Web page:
Stanford guilty of bilking investors of billions
By Anna Driver
HOUSTON (Reuters) - Allen Stanford was convicted on Tuesday of running a $7 billion Ponzi scheme, a verdict that caps a riches-to-rags trajectory for the former Texas financier and Caribbean playboy.
It was a vindication for the U.S. government, which closed down Stanford's financial empire in February 2009 but had failed for years to address signs that the business was built on air. The Stanford case was the biggest investment fraud since Bernard Madoff's.
Stanford was found guilty on 13 of 14 criminal counts, including fraud, conspiracy and obstructing an investigation by the U.S. Securities and Exchange Commission.
As Stanford, 61, was led out of the courtroom after the verdict, he touched his fist to his heart and looked at the bench where his mother and two daughters sat. He has been jailed since his June 2009 arrest.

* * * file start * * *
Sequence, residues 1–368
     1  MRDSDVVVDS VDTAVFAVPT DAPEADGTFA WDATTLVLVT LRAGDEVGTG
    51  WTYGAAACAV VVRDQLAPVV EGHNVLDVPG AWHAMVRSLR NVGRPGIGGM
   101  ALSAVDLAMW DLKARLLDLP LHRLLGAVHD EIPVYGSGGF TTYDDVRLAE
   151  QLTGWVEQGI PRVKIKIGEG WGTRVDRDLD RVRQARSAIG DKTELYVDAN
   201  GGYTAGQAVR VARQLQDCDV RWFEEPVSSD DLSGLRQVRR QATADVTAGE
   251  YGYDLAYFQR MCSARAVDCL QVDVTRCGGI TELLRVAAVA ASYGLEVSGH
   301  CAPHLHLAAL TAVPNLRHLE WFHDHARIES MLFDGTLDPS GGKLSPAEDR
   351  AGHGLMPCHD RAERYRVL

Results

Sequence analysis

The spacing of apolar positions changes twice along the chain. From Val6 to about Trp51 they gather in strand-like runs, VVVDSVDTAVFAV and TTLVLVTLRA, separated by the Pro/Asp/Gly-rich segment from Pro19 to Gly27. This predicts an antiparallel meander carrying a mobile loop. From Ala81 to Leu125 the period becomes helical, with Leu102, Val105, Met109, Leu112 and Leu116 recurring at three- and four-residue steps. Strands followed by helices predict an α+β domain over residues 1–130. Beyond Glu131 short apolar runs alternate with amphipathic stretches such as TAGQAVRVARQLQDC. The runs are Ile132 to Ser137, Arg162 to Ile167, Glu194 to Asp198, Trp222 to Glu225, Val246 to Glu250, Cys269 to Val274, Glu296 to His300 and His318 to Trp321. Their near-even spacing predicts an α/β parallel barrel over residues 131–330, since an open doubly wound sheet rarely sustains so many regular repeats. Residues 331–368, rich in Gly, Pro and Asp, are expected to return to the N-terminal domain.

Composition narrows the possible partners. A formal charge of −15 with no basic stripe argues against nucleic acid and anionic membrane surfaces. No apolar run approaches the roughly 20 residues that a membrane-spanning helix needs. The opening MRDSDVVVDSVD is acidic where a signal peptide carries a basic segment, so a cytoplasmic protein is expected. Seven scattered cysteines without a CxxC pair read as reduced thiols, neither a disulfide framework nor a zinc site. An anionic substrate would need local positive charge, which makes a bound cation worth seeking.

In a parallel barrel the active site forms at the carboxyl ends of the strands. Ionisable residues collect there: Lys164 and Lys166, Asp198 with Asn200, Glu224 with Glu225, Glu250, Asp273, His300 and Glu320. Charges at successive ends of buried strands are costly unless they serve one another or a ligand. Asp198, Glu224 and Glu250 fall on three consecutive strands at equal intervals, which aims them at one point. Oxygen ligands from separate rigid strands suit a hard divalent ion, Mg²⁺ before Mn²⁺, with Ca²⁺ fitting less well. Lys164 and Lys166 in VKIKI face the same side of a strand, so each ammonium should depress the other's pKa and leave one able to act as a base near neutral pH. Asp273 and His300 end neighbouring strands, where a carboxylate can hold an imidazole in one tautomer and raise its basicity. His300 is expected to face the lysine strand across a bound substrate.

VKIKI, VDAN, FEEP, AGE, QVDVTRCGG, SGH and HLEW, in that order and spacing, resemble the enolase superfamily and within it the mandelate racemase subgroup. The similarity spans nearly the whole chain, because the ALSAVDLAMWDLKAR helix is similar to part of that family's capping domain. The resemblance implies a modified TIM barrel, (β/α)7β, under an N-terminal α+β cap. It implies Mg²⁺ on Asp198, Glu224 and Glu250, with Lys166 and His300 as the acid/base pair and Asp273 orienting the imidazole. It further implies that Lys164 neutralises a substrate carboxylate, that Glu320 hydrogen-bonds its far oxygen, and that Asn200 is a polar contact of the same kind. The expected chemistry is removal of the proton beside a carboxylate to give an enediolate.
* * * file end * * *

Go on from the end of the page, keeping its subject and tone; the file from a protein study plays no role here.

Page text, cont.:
"We're disappointed in the outcome," said Stanford attorney Ali Fazel. "We do expect an appeal." He said he expects sentencing in several months.
The charges carry a potential prison sentence of more than 200 years if the terms are served consecutively, but Stanford is more likely to face a maximum of about 20 years if, as is typical in white-collar cases, he is sentenced to concurrent prison terms.
The verdict came less than a day after the Houston federal jury said it could not reach a decision, and U.S. District Judge David Hittner instructed jurors to keep deliberating.
Still, the verdict may prove only a moral victory for Stanford's victims. Most have received none of the money back they invested in Stanford's certificates of deposit, though prosecutors are trying to seize more than $300 million in offshore assets tied to Stanford and other entities that have been frozen. Continued...